Although findings showed that their mercury levels were within safety limits for human consumption (if consumed in moderation, particularly by children and pregnant women), swordfish were in poor physical state, indicating unfavourable conditions in the north-west Mediterranean.
A large, migratory predator, swordfish is one of the most valuable species in the EU market and is intensively fished: in 2020, 224 tons were landed in Catalan ports. The species is also extensively studied; however, research on their physiological condition is sparse, and this is important to inform sustainable fishing practices. As well as being under pressure from fishing, Mediterranean swordfish are affected by genetic isolation and mercury contamination. Since they are at the top of the food web, they are susceptible to build-up of contaminants, through biomagnification (concentration in tissues of organisms at higher levels in a food chain) and bioaccumulation across their lifespan. This poses a food safety issue to people who consume swordfish, but also has serious long-term effects on the fish themselves.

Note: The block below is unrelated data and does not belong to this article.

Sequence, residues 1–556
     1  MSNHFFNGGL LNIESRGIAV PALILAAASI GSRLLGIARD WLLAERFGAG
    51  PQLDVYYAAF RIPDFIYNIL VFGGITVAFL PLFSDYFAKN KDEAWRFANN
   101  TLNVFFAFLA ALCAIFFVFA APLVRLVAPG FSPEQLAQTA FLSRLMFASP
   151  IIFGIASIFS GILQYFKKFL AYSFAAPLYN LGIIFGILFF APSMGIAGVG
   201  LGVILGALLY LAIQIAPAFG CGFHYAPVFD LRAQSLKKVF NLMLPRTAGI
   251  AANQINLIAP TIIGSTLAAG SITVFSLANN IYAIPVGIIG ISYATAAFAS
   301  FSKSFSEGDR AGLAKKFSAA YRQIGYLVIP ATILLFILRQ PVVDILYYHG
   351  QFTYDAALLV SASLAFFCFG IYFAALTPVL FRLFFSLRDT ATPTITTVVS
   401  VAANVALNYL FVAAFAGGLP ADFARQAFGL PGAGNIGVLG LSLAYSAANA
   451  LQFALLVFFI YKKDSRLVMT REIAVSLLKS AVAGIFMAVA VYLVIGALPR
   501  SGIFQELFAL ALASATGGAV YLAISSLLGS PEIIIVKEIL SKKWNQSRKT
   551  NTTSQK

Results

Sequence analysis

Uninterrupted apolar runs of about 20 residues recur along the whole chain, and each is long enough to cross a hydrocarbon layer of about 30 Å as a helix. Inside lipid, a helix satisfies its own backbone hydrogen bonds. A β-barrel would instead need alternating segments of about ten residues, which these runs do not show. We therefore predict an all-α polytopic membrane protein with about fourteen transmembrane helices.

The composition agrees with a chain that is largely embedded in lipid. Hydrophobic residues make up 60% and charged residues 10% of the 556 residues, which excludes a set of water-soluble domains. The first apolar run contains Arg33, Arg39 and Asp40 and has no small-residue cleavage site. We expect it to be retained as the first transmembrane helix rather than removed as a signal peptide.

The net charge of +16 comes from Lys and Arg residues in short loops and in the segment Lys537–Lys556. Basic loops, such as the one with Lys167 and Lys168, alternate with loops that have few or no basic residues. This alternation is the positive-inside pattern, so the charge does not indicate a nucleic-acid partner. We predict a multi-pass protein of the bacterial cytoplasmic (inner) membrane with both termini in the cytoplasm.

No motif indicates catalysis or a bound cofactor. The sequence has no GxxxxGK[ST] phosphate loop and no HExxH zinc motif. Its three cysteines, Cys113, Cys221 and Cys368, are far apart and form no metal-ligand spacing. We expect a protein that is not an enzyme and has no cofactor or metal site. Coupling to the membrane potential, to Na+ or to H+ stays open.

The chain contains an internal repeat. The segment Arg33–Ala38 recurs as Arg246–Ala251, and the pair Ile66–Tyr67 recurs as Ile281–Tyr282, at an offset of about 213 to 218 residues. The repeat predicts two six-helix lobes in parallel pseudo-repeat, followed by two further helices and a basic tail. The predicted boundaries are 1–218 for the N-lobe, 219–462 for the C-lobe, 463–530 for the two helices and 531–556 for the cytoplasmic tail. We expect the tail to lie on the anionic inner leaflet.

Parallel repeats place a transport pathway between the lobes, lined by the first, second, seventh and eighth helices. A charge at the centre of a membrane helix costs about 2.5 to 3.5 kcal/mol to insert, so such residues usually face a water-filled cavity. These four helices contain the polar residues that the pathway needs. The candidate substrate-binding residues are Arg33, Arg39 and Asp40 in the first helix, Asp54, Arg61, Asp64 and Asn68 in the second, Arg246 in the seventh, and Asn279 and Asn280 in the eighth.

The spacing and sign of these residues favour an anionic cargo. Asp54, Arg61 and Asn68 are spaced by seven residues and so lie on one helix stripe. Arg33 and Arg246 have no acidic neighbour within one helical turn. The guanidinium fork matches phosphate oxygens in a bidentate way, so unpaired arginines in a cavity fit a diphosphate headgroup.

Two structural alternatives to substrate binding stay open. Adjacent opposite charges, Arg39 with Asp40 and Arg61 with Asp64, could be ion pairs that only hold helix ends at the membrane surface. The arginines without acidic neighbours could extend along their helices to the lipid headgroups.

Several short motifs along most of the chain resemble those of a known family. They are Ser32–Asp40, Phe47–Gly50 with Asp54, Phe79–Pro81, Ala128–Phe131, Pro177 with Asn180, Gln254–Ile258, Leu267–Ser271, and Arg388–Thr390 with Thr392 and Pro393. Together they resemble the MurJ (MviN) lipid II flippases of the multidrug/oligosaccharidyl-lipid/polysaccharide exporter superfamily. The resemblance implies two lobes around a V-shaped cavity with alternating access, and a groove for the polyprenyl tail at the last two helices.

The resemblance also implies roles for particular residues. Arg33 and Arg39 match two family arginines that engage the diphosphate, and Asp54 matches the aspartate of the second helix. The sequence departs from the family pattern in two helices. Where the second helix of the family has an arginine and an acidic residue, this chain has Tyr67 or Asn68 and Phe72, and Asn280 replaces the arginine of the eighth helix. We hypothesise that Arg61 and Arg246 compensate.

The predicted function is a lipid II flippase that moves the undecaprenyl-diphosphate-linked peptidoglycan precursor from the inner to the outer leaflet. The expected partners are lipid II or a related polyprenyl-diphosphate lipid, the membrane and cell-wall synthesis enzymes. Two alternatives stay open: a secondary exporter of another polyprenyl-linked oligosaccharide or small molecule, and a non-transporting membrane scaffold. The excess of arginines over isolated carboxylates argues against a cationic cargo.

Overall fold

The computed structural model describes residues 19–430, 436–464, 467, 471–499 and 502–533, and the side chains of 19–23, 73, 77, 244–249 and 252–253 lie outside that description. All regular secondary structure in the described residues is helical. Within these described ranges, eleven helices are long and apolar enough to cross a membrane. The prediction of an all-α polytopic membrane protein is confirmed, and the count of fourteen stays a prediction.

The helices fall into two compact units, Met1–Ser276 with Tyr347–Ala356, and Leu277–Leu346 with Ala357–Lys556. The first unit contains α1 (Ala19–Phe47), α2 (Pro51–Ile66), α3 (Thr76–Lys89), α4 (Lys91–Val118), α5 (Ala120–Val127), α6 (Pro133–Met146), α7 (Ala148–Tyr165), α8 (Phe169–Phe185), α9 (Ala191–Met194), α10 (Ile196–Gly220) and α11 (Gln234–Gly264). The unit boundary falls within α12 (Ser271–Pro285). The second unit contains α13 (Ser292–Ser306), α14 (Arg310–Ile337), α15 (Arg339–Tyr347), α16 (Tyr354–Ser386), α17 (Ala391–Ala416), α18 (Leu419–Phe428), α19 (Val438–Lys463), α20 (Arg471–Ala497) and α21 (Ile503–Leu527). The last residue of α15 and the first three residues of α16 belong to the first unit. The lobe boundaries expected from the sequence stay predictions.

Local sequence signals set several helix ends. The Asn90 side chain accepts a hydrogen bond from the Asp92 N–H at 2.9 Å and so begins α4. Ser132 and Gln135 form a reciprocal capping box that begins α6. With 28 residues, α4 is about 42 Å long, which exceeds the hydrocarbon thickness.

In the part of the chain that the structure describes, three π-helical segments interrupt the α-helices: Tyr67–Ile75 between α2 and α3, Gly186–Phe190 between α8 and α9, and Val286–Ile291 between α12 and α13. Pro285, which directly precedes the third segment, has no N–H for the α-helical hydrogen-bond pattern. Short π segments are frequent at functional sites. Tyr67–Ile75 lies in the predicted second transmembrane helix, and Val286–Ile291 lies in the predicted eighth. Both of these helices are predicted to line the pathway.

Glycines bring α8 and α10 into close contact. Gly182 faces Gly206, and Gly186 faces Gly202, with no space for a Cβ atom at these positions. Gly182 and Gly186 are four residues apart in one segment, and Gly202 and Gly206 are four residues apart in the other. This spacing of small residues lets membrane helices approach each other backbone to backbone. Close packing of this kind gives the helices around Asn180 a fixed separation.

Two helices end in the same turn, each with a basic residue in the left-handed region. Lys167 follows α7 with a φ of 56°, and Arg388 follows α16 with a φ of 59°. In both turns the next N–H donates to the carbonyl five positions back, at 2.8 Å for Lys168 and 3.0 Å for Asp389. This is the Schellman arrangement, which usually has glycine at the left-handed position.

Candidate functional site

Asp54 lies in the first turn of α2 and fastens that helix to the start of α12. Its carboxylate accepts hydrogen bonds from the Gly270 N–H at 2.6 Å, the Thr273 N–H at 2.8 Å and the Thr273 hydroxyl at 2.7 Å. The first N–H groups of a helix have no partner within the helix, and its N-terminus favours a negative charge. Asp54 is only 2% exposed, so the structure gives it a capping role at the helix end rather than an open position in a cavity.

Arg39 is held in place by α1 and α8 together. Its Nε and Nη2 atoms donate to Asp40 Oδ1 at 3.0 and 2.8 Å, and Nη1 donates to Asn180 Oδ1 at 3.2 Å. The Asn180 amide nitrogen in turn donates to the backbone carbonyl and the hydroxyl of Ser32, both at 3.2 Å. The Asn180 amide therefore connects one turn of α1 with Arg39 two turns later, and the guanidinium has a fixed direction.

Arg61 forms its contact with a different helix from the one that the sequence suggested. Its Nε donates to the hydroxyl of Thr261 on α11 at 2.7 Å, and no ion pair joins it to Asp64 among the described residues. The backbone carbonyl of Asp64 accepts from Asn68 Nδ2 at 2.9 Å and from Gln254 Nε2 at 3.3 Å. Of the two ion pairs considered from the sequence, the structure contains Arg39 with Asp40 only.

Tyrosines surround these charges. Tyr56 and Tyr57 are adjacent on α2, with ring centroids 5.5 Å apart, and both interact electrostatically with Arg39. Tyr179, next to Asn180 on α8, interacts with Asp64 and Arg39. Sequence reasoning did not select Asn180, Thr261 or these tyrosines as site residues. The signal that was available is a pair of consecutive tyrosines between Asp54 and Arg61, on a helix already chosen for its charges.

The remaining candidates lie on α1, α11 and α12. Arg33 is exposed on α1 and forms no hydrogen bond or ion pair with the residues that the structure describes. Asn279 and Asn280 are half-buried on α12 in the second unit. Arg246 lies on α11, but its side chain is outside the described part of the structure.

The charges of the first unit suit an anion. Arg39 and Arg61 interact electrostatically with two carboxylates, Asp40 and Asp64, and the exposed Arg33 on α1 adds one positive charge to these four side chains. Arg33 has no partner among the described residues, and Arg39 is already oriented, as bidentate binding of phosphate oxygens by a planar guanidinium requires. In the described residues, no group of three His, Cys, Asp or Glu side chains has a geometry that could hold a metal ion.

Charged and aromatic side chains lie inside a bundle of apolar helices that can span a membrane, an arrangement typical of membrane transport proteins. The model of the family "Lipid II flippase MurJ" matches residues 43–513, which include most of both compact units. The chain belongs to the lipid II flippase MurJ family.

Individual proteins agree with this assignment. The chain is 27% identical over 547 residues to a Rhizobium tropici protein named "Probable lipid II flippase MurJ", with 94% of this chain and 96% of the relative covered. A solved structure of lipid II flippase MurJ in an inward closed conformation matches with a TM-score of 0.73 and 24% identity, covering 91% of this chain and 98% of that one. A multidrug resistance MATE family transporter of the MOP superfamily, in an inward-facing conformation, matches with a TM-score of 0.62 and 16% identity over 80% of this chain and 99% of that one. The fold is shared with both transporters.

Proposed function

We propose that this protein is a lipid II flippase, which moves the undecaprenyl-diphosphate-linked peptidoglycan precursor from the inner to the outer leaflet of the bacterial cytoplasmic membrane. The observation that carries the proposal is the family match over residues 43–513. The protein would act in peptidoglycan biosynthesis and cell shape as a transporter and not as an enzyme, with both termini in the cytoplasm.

To gain information on the condition of Mediterranean swordfish, their exposure to mercury and aspects of the food web that influence their mercury intake, the researchers used a multi-method approach. They sampled 26 adult swordfish caught in depths of 20 metres in the Catalan Sea in June–August 2018. The fish were measured and weighed, and stomachs and other organs were extracted and frozen before being sent for laboratory analysis.
First analysing the contents of the swordfishes’ stomachs, the researchers found that cephalopods (in particular, squid such as Todarodessagittatus) comprised more than 90% of ingested food; the remainder was teleost fish (including pilchards, Sardina pilchardus) and a small amount of crustacean.